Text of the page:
• Glen Davis is the key to the Magic’s defense.

Oct 01

Player Profile: Jameer Nelson

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Photo by Kent Smith/NBAE via Getty Images

Frankel’s 2013-14 projections

PPG RPG APG TS% PER
14.3 3.8 7.6 48.8 13.6

At this stage in his career, it’s safe to say that Jameer Nelson is a seasoned veteran as he enters his 10th season with the Orlando Magic, which makes him the longest-tenured Magic player in franchise history along Nick Anderson (who would have thought Nelson would last this long with the organization?).

Here’s what’s important to consider. Despite receiving major scrutiny — from basically anyone — for being unable to consistently recapture his 2009 form, Jameer definitely has a little more left in the tank.

Nelson saw an increase in his points and assists in the 2012-13 season, but don’t let the improvement of his per game averages fool you. He saw a rise in his stats across the board, but that was due to a dramatic increase in playing time — he played 35.3 minutes per game (his career average is 28.9 mpg). His per-36 numbers last season showed he was the same player he’s always been.

The bottom line with Jameer is that he gets it done over the course of a long regular season. There are going to be moments when he looks sloppy and even lost on the floor, but then he will explode for 25 points a week later and absolutely torch guys on the perimeter like he’s still got his St. Joe’s legs.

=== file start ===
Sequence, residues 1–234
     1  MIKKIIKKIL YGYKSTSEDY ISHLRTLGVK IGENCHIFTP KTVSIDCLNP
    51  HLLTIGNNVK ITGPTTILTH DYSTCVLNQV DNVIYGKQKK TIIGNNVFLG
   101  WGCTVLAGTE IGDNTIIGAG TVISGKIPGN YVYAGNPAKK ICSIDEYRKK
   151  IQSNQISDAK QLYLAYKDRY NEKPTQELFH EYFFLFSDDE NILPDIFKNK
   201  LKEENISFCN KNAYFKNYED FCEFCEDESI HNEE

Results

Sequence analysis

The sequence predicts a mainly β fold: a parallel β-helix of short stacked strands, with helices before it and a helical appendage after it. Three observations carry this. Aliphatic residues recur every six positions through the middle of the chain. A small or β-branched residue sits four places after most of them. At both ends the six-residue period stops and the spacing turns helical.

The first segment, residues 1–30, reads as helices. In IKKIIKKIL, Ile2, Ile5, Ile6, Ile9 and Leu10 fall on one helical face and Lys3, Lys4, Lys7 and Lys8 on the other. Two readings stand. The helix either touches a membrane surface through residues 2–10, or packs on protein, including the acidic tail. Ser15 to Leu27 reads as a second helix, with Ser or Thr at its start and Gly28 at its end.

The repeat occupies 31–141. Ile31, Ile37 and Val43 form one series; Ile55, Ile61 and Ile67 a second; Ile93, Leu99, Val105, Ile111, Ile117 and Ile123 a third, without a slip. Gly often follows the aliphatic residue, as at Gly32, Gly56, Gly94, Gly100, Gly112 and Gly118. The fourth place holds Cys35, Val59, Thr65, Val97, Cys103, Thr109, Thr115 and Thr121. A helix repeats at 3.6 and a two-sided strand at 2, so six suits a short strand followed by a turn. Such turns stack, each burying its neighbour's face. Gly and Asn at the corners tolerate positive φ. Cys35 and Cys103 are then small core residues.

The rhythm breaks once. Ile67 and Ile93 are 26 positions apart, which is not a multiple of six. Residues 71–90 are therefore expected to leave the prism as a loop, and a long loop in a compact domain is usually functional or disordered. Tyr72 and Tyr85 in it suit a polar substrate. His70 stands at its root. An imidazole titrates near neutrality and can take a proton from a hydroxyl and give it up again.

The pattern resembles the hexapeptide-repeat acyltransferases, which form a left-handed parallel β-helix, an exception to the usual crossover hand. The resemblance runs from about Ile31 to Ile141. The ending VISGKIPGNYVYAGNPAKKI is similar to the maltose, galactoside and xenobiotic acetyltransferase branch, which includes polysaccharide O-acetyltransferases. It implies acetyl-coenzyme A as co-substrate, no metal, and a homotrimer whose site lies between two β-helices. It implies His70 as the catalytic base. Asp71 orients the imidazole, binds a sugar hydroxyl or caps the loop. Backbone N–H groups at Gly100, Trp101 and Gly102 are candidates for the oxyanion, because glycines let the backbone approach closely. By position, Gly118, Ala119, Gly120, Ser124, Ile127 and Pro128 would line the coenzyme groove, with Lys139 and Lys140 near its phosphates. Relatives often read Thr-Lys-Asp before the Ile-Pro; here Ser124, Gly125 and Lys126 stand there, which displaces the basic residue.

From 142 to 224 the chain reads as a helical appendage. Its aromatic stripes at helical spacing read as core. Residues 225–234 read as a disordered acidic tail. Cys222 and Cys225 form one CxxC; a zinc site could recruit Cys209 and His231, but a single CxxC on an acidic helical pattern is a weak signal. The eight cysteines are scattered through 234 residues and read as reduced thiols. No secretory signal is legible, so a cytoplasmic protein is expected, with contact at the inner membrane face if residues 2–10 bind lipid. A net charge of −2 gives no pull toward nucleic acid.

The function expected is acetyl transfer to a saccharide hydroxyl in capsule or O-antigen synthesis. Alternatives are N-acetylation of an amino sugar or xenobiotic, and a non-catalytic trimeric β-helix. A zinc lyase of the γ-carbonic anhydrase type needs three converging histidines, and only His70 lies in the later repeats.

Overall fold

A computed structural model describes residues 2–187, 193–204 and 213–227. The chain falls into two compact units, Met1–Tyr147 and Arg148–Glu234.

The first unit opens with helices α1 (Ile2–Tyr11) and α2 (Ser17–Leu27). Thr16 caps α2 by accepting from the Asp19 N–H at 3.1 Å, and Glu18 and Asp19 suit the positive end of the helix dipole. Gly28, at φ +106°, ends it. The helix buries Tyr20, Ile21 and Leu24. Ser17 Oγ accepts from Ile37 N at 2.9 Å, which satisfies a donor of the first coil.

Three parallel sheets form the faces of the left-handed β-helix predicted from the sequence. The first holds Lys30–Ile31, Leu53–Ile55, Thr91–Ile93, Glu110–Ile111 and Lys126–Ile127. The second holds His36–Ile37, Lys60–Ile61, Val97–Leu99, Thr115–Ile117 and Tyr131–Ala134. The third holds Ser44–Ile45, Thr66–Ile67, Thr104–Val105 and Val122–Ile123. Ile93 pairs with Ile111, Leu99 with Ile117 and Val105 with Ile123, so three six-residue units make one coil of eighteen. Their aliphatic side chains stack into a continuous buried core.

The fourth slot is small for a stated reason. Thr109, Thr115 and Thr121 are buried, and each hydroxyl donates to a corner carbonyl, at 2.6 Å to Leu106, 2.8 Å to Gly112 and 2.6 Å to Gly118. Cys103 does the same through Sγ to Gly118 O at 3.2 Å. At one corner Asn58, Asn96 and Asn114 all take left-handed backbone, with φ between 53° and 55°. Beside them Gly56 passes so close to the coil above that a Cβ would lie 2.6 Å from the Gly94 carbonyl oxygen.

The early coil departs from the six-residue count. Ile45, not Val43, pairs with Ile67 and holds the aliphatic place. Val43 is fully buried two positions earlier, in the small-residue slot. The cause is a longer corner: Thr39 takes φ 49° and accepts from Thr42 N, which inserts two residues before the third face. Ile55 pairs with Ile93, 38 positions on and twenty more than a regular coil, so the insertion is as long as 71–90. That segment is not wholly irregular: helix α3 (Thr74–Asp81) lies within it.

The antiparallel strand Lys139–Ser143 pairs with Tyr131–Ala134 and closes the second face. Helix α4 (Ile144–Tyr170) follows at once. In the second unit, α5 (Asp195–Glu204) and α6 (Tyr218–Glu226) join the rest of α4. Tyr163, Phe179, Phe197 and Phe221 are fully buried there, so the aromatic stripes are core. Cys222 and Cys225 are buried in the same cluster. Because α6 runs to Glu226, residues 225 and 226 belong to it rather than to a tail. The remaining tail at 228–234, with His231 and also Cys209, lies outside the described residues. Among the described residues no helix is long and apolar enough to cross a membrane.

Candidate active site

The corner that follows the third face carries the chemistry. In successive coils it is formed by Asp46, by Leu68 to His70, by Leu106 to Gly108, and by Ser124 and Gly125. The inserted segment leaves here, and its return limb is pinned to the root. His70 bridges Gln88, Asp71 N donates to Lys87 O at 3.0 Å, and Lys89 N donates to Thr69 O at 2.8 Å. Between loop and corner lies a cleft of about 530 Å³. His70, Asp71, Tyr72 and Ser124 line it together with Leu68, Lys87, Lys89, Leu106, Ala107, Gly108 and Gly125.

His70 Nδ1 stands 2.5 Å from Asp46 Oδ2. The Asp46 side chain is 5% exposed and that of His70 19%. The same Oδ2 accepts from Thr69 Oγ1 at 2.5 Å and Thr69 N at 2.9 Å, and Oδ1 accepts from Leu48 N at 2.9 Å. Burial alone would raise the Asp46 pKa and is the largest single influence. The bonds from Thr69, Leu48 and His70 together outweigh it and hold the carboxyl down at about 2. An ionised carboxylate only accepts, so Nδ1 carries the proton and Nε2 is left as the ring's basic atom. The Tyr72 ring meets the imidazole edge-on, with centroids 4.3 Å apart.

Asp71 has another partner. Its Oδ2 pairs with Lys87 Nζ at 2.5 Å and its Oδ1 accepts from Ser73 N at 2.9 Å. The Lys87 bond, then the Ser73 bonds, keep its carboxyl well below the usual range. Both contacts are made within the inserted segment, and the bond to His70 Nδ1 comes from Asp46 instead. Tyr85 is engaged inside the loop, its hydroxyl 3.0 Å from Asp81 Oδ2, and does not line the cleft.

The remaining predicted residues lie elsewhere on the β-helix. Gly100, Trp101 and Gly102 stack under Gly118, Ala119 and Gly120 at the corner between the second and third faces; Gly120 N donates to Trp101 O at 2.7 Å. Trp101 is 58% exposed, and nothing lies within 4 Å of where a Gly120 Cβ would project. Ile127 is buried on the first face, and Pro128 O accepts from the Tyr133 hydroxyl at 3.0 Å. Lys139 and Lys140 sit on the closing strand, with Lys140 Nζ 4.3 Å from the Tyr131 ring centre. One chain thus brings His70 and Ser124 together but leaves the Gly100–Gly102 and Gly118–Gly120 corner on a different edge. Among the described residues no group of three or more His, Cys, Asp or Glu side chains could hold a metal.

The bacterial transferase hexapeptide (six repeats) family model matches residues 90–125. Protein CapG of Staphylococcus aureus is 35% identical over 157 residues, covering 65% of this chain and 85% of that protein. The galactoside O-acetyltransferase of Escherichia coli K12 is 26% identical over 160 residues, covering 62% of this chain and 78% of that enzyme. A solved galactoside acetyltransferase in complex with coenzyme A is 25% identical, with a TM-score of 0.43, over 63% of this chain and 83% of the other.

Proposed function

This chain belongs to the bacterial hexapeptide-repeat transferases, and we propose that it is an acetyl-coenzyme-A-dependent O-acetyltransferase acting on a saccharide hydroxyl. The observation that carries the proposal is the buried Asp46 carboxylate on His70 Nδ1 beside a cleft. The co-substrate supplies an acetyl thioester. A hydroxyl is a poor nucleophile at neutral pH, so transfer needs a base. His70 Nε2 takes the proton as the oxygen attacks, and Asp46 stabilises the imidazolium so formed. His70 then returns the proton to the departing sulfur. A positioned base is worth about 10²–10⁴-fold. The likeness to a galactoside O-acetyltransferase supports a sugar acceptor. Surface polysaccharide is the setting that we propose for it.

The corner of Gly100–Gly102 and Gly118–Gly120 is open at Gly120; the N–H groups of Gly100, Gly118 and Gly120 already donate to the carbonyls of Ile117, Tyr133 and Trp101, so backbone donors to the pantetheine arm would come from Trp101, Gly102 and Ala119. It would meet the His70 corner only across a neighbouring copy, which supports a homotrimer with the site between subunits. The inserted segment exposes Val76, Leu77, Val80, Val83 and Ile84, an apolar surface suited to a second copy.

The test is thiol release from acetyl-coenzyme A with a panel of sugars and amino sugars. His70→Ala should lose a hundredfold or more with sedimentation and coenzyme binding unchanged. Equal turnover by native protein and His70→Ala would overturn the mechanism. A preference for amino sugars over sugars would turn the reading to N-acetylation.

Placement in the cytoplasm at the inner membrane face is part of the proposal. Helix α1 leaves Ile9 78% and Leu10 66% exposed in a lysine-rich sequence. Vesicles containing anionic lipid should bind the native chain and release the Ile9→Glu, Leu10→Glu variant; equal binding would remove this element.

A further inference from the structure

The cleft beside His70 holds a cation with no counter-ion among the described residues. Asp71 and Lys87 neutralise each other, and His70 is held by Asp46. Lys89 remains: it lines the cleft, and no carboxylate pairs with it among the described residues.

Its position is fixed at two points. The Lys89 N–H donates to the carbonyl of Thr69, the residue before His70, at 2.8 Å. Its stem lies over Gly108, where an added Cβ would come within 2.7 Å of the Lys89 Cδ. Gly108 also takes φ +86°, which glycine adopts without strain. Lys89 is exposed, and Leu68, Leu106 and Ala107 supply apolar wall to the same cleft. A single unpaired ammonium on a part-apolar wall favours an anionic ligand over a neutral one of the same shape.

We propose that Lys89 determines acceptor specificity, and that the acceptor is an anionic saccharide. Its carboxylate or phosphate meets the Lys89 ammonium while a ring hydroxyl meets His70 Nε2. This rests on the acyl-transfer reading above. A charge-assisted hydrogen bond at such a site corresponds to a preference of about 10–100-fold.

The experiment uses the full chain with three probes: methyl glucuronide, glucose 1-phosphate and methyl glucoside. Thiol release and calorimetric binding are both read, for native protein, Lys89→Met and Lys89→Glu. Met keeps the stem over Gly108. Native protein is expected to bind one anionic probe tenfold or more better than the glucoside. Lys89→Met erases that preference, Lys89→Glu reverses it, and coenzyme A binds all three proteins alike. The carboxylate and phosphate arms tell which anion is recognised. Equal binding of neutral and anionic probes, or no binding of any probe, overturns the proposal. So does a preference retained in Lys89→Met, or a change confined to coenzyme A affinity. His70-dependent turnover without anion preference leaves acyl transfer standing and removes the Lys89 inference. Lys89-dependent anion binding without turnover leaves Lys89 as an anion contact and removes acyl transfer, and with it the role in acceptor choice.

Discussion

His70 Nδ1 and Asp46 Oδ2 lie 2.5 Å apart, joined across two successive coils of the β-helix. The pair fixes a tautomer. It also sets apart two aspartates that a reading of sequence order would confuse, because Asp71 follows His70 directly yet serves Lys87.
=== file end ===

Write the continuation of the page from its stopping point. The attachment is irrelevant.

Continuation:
Streaky shooting is his downside, and with the new-found support of Victor Oladipo and return of Arron Afflalo, look for (or at least hope for) Jameer to turn into more of a drive-and-kick point guard, given that his shot has fallen off significantly since 2009.

The big worry for Nelson is that his PER has declined each year over the last four seasons. This past season, he found himself hovering around the league-average with a 14.4 PER.

Nelson’s .498 True Shooting percentage wasn’t that much better, either. When you can’t hit the deep ball and the long 2′s aren’t falling, you become less of an offensive threat. That’s the bottom line.

Nelson should look to lead in other ways than he’s used to leading. If he can look to facilitate first, drive second, and shoot third, he will get back to being more of an efficient player. There is plenty of young talent now offensively where he can start to think more like a traditional point guard instead of a primary scoring option on the team.

Sep 27

Magic sign Romero Osby and four others

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Via Orlando Magic press release:

The Orlando Magic have signed rookie forward Romero Osby, General Manager Rob Hennigan announced today. Per team policy, terms of the deal are not disclosed. In addition to Osby, the Magic have signed free agents Mickell Gladness (#40, 6-11, 220, 7/26/86, Alabama A&M), Manny Harris (#3, 6-5, 185, 9/21/89, Michigan), Solomon Jones (#22, 6-10, 245, 7/16/84, South Florida) and Kris Joseph (#32, 6-7, 210, 12/17/88, Syracuse). The roster currently stands at 19 players (roster to follow).